In 1991, eight scientists voluntarily entered isolation for two years inside Bioshpere 2, a microcosm of the world meant to determine how humans might survive in outer space. The idea for the biosphere sprouted from the worry of climate change and environmental collapse. John Allen, a systems ecologist, engineer, metallurgist, adventurer, and writer, invented and was the director or research for Biosphere 2.
The new film Spaceship Earth, directed by Matt Wolf, spends a little too much on Allen’s backstory as an innovator that wanted to do everything. For a good half of the film, we watch Allen and his friends move from project to project, including building a ship they will eventually sail around the world, before they become interested in closed ecological systems.
It’s then a little difficult to understand the controversy of Biosphere 2, once we eventually get to it. It’s the film’s strongest segment, and offers some good insight on how media frenzies can snowball and government oversight can cause a total collapse of the original vision for a project. Infighting between members of the Biosphere 2 team — the ones in isolation as well as the ones running operations from the outside — feel glossed over for the most part, despite how much it influences the controversy, or rather, the many controversies of the project. Those controversies include the holding back of information to the public by John Allen and the operations team, the dissenters in the scientific community writing the project off as science fiction, and the few instances the seal of the dome had to be broken over the course of the two years.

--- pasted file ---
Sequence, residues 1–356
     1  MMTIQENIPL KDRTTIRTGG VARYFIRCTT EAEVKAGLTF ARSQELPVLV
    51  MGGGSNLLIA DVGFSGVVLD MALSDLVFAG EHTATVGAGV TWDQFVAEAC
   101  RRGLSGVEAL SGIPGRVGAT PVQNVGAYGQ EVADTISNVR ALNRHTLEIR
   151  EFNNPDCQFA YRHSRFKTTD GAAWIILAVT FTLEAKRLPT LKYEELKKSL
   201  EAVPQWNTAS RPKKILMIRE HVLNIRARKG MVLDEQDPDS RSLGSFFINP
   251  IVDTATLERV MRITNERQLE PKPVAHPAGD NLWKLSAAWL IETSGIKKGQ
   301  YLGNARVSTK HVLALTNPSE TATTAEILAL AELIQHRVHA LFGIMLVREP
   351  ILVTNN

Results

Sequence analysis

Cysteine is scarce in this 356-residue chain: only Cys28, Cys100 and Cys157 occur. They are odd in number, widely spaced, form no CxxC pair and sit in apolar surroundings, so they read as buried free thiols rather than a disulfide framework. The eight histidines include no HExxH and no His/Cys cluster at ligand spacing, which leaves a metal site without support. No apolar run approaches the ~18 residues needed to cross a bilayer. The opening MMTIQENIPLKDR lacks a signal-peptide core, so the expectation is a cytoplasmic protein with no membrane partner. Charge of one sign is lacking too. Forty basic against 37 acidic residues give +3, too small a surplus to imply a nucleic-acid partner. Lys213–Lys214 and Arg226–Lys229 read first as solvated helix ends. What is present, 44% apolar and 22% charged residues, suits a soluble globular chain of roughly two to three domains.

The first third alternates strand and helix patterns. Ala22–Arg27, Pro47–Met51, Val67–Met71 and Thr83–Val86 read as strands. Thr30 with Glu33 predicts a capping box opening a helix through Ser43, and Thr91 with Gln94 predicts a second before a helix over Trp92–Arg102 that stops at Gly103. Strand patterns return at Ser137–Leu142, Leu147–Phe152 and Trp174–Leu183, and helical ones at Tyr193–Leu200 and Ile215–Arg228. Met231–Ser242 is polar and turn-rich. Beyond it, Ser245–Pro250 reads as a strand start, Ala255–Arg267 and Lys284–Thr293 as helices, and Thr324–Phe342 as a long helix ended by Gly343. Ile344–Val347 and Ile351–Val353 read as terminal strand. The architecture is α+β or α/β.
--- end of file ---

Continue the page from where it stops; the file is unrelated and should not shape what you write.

However, archival footage of the team of eight inside the biosphere show the wonder and idealism of a project like Biosphere 2. In that sense, seeing the origins of John Allen and his team living in a commune, exploring art, science, math, stories, and how humans can work together to create something incredible is a culmination worthy of the backstory. The film struggles in making those innovations feel triumphant in the face of conflict, when it only half-heartedly explores that conflict.
What the film does make clear is how much a group of people can accomplish by working together. If you want to change the world, you can’t do it by yourself. Spaceship Earth does right by its main subjects in that sense, perhaps a little too much. After all, it’s going to take more than just your friends to make things happen.